After 1965, Campbell scandalized many in the movement when he announced that the same concern that they had shown to the disenfranchised minority should be shown to poor whites – and to segregationists and racists. Many of these men and women, who were unsettled by the prospects of legal equality for blacks, had been abused as children and were tormented by fears and uncontrollable rage, often by untreated mental illness. Campbell made himself available as pastor and confessor to racists and to members of the Ku Klux Klan, seeking to share gospel-grace with outcasts and sinners. 

“Most of us suspect that if Christ came back today he would once again be born among the lowly,” he explained. “But wouldn’t it shake us up if he came today and was born into a Klan family!”

The redneck racist needed to be loved and cared for. Such was the radical love of Christ, the spirit of agape. Only a few people knew of Campbell’s pastoral relationship with the Klansman, which lasted until his death in Parchman Prison on November 5, 2006.

In August of 1998, Campbell traveled to Hattiesburg, Mississippi, for the trial of Sam Bowers. Bowers was the former Imperial Wizard of the White Knights of the Ku Klux Klan of Mississippi, who reigned over the most violent white terrorist organization in the South. He orchestrated the 1964 murders of James Chaney, Andrew Goodman, and Michael Schwerner, which riveted the nation and brought massive media attention to the state’s brutal racism; in 1998, more than thirty years after his first arrest, Bowers was convicted for the 1966 murder of Vernon Dahmer, an NAACP leader, land owner, and churchman in Forrest County, Mississippi. Campbell had been introduced to Bowers in the time of his impending arrest, when Bowers was still living in the nearby town of Laurel, running a pinball machine company and writing tracts on politics and religion. On the first day of the trial, Campbell arrived early in the Hattiesburg courthouse and approached Bowers, who was sitting at the defendant’s table, and shook his hand. Bowers asked the minister to take a seat but Campbell declined. Campbell then walked across the room, greeted the Dahmer family, and took a seat with them, where he remained for the rest of the day. 

During a recess in the trial, a newspaper reporter asked Campbell how it was possible for him to walk between the grieving family and the Klan terrorist, who surely deserved punishment, not compassion. Campbell’s actions seemed offensive to the reporter. Did he really think Bowers deserved his kindness? 

Most newspaper coverage had portrayed Bowers as a monster, the embodiment of pure evil. The Southern Baptist preacher adjusted his black frame glasses and offered an explanation to the Boston journalist, a variation on his earlier “This I Believe” speech, an updated testimonial of his strange vocation. Why had he acknowledged Sam Bowers with a handshake?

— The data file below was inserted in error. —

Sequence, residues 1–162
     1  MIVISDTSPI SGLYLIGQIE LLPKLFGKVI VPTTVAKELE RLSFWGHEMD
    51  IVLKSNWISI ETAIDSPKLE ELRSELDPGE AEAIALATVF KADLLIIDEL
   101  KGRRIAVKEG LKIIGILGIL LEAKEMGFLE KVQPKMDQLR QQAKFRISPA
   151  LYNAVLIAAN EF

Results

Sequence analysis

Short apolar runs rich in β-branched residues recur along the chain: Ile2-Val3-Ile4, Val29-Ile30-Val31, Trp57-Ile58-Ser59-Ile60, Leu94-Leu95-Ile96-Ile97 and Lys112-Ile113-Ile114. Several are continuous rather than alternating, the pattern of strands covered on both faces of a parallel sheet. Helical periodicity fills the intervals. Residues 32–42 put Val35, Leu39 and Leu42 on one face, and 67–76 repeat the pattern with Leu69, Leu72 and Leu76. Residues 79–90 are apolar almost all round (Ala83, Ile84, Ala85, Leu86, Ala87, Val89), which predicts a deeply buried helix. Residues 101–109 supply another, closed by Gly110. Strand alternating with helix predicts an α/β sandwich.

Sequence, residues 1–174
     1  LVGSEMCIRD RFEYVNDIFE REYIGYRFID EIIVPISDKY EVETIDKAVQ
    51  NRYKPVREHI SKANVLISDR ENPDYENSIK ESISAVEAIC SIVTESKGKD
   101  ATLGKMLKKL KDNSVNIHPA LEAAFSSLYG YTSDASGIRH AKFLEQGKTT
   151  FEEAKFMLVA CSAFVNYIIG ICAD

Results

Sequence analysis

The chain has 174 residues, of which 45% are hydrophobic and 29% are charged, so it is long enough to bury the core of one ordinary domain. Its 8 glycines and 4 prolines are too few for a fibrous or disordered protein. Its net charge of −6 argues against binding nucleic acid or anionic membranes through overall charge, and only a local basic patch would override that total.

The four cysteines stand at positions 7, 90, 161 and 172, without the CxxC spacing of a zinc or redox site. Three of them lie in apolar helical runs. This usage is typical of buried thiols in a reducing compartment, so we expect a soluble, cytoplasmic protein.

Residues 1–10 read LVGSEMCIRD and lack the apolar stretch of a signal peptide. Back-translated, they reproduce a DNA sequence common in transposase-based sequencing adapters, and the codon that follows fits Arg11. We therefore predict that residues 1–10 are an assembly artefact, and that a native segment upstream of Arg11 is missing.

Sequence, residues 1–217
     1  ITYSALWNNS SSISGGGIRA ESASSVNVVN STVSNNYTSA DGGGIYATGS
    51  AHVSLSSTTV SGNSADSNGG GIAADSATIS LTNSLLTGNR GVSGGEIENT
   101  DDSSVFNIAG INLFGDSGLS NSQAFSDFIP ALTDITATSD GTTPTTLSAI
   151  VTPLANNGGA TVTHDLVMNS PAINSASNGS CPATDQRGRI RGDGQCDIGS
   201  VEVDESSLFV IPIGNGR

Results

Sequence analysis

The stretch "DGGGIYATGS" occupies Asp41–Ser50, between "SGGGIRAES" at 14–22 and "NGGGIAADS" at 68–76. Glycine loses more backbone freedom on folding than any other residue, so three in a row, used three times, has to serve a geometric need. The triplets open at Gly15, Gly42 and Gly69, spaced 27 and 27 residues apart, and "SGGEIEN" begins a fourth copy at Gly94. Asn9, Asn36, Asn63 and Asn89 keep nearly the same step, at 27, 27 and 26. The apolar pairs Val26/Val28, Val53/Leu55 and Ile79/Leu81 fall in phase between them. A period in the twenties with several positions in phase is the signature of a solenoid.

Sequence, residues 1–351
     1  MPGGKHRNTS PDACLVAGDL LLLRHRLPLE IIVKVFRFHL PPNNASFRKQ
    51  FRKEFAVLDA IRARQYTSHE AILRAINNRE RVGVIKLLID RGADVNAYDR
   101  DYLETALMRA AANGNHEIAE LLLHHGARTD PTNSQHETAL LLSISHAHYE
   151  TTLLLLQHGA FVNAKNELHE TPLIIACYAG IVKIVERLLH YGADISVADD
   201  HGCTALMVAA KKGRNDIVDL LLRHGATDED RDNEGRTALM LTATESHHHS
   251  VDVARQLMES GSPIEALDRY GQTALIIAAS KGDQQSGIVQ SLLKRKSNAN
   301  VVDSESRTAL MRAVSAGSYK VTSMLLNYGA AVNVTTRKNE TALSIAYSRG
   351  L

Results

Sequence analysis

“It’s because I’m a goddamned Christian,” he told a gaggle of reporters. He would be sitting with the Dahmer family, but as a minister of the gospel, he would not forsake Sam Bowers, even though the former Imperial Wizard was wholly undeserving of such love. 

The last time I talked to Will, I asked him if he was still preaching at the little church near his farm in Mount Joliette, Tennessee. He drawled out a “no” and said he had long gotten tired of the “steeple.” Besides, he added, the standing invitation to preach had been withdrawn, a result no doubt of some contrary remark, though I didn’t press for details. 

When I asked Will where he was going to church, he told me he’d decided to become a “seventh day horizontalist,” and we both laughed. He had earned the sabbatical from “the sanctuary and the steeple”. 

Let us teach our children the story of Will Campbell and all the other Jesus-loving misfits, oddballs, and malcontents who rub against the grain. For it will surely not be the court prophets, patriot preachers, and right-wing megalomaniacs whose stories the church will tell young people as exemplars of authentic faith. The philosopher Friedrich Nietzsche once said that Christians must sing more beautiful songs before he would believe in their redeemer. We will need to sing more beautiful songs to our children and to the world. 

Charles Marsh, July 6, 2023

(Adapted from Wayward Christian Soldiers: Freeing the Gospel from Political Captivity, Oxford University Press, 2007)